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    • CommentRowNumber1.
    • CommentAuthorMike Shulman
    • CommentTimeJan 31st 2017

    apartness relation says

    The negation of an apartness relation is an equivalence relation. (The converse of this is equivalent to excluded middle.)

    But it seems to me that the converse (“the negation of an equivalence relation is an apartness relation”) only requires de Morgan’s law. If \approx is an equivalence relation, then certainly ¬¬(xx)\neg\neg(x\approx x) and ¬(xy)¬(yx)\neg (x\approx y) \to \neg(y\approx x), so the only thing to worry about is comparison. If ¬(xz)\neg (x\approx z), then contraposing transitivity gives ¬(xyyz)\neg (x\approx y \wedge y\approx z), which by de Morgan gives ¬(xy)¬(yz)\neg (x\approx y) \vee \neg (y\approx z).

    • CommentRowNumber2.
    • CommentAuthorMike Shulman
    • CommentTimeFeb 1st 2017

    Also, why did I never notice this before: an apartness relation on a set XX is the same as a (strongly) closed equivalence relation on the discrete locale of XX, and the apartness topology is its quotient in LocLoc. Similarly, an antiideal is a closed ideal in a discrete localic ring, and so on. I’ve added this to apartness relation.

    • CommentRowNumber3.
    • CommentAuthorTobyBartels
    • CommentTimeFeb 1st 2017

    The converse isn't “the negation of an equivalence relation is an apartness relation”; it's ‘every equivalence relation is the negation of an apartness relation’. That's equivalent to excluded middle.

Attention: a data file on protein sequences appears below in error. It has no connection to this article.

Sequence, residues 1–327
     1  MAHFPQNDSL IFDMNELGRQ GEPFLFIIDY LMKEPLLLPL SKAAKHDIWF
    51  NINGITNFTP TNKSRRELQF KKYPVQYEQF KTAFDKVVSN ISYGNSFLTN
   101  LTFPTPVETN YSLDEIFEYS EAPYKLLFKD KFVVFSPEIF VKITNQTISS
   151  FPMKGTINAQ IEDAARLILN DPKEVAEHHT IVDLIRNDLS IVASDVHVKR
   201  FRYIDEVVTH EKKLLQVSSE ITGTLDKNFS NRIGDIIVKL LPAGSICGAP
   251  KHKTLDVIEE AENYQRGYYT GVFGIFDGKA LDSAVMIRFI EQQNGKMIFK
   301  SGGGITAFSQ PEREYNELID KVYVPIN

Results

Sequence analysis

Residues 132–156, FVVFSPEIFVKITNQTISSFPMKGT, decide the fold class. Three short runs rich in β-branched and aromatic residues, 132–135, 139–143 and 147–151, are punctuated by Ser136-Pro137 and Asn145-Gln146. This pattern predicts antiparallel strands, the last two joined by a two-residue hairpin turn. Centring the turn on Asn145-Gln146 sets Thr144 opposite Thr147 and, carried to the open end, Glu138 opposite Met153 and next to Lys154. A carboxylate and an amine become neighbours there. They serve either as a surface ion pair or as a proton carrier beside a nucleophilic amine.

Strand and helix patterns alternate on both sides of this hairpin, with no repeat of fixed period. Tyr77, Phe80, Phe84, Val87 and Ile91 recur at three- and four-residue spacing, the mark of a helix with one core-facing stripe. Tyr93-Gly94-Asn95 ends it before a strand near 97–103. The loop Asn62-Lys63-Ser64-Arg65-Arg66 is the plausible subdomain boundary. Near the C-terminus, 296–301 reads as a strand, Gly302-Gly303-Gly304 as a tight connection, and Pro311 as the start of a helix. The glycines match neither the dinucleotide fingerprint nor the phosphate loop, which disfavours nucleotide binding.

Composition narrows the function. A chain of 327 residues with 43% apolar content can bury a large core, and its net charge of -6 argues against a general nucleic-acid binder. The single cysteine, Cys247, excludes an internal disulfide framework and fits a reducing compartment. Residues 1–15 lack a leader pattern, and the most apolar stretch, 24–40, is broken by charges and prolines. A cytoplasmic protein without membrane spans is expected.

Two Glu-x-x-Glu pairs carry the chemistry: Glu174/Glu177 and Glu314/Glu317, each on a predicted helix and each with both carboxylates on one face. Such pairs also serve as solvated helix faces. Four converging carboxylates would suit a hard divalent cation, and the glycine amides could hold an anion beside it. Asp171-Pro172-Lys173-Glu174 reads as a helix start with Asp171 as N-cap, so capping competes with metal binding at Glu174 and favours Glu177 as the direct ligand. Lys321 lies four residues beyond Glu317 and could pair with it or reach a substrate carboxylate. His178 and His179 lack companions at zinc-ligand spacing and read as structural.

But your fact is also noteworthy.

    • CommentRowNumber4.
    • CommentAuthorTobyBartels
    • CommentTimeFeb 1st 2017

    That localic stuff is interesting! You might want to put something at antisubalgebra too. (That hadn't been linked to from apartness relation, but I fixed that a little bit.)

    • CommentRowNumber5.
    • CommentAuthorMike Shulman
    • CommentTimeFeb 1st 2017

    The converse isn't “the negation of an equivalence relation is an apartness relation”; it's ‘every equivalence relation is the negation of an apartness relation’.

    Hmm. Ordinarily we take the converse of an implication PQP\to Q, yielding QPQ\to P. The original statement “the negation of an apartness relation is an equivalence relation” has the form x,(P(x)Q(f(x)))\forall x, (P(x) \to Q(f(x))), which is not an implication at top-level. One might argue that the most natural thing to call its “converse” would be x,(Q(f(x))P(x))\forall x, (Q(f(x)) \to P(x)), i.e. “if the negation of a relation #\# is an equivalence relation, then #\# is an apartness relation”. My interpretation x,(Q(x)P(f(x)))\forall x, (Q(x) \to P(f(x))) is somewhat less defensible, but it still seems more like a converse than y,(Q(y)x,(P(x)f(x)=y))\forall y, (Q(y) \to \exists x, (P(x) \wedge f(x)=y)) to me.

    In any case, I’ve edited the page to say specifically what it means.

    • CommentRowNumber6.
    • CommentAuthorTobyBartels
    • CommentTimeFeb 2nd 2017

    We're working in the context of a set (called SS in the article) and a binary relation on SS (called xx in your comment); there is no need to confuse the issue by introducing a universal quantification in an emptier context.

    If PP means that xx is the negation of an apartness relation and QQ means that xx is an equivalence relation, then the statement in question is PQP \to Q, and the converse QPQ \to P is the one that I thought of. But if PP means that xx is an apartness relation and QQ means that the negation of xx is an equivalence relation, then the statement in question is still PQP \to Q, but now the converse QPQ \to P is what you said it was in your most recent comment.